Harry peered into the heavens with his 8 inch Celestron. It wasn’t the biggest telescope that he had ever used. Having gotten his Masters degree in astronomy, he had used a few “real” telescopes. These telescopes, though, were used to do actual science, rather than just stare off into the distance, as he liked to do with his telescope, which he had named Simon. He had liked taking spectra using the big telescopes to learn things about the stars, he had adored being able to examine the makeup of such distant objects and predict their ages and ultimate fates. Searching for truth had filled one need in him, but there was another need that it didn’t fill. This second need was the one that had driven him to astronomy in the first place, back before he knew what astronomy was really about. It was the need to just search and wonder.
Harry would take Simon out into the backcountry in his backpack whenever he could and spend hours just looking. During the summer months, when the community college that he worked at was closed, he got out a lot more than the rest of the year, but even in the thick of the semester, he always made the time to get away for at least one weekend every couple of months.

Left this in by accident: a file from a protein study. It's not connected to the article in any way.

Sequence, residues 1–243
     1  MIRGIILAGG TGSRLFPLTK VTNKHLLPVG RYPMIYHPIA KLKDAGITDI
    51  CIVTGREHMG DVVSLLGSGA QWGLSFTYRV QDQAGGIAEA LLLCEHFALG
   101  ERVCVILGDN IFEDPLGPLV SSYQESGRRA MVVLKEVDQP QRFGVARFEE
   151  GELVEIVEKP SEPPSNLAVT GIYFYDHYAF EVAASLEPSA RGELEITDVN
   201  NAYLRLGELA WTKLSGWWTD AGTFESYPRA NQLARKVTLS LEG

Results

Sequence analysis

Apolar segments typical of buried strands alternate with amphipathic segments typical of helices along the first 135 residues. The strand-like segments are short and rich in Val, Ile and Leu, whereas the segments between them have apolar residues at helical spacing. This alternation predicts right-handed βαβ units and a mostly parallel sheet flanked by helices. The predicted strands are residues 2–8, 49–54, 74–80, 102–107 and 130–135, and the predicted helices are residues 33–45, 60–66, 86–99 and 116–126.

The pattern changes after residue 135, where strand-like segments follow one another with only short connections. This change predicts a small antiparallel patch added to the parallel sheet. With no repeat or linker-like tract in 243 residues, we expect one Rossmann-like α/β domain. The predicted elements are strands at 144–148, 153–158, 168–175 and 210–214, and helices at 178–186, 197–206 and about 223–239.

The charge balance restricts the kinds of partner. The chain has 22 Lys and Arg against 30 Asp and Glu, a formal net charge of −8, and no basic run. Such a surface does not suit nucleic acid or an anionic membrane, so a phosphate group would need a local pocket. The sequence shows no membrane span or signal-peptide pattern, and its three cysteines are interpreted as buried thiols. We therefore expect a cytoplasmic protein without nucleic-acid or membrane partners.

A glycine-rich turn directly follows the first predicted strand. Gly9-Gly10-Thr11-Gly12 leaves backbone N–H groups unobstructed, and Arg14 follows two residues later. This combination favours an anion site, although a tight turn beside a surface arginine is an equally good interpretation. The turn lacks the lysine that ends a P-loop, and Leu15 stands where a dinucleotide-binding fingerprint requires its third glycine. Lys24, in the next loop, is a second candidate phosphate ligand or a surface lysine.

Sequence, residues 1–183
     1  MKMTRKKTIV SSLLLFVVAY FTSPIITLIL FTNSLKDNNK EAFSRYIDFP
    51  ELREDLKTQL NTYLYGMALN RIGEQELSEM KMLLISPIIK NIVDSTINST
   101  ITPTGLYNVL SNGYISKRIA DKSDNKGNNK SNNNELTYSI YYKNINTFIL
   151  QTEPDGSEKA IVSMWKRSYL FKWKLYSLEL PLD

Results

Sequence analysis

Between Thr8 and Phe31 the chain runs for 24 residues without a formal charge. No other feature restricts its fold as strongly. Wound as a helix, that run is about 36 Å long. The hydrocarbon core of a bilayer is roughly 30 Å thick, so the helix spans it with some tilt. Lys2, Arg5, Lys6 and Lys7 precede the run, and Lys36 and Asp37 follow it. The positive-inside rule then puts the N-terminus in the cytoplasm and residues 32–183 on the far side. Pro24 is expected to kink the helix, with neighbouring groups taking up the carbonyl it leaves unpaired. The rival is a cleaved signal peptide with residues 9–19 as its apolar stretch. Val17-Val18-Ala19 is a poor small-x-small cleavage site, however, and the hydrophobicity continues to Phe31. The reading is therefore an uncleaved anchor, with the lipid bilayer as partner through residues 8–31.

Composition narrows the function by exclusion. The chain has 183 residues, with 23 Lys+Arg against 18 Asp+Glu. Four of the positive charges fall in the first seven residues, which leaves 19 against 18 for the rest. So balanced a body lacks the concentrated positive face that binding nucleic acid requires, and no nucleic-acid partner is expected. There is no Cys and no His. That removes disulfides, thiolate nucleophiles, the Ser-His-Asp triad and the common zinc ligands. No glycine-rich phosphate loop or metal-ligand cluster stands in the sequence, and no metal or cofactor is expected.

Had anyone ever said to Harry that it was better off to relish his ignorance, he would, having the heart of a teacher and the soul of a scientist, have taken it as the deepest insult imaginable and disagreed with every fiber of his being. Harry by no means thought that he knew everything, but he had never intentionally kept himself in the dark, and was of the strict mindset that knowledge, whatever its form, was a good thing; something to work for, earn, and enjoy. He could never “relish” ignorance.
He might have been surprised, then, to find out that on that particular evening, while standing with Simon on a rocky peak, it was his ignorance of the cantaloupe sized meteor barreling towards his head at terminal velocity that had let his last moments be blissful. The last thing he did was grin, marveling at the fact that the seeing was so good that, even with Simon’s little mirror, he could see the dark dust lane on the Sombrero Galaxy, only a little irked by whatever it was behind him causing all that light.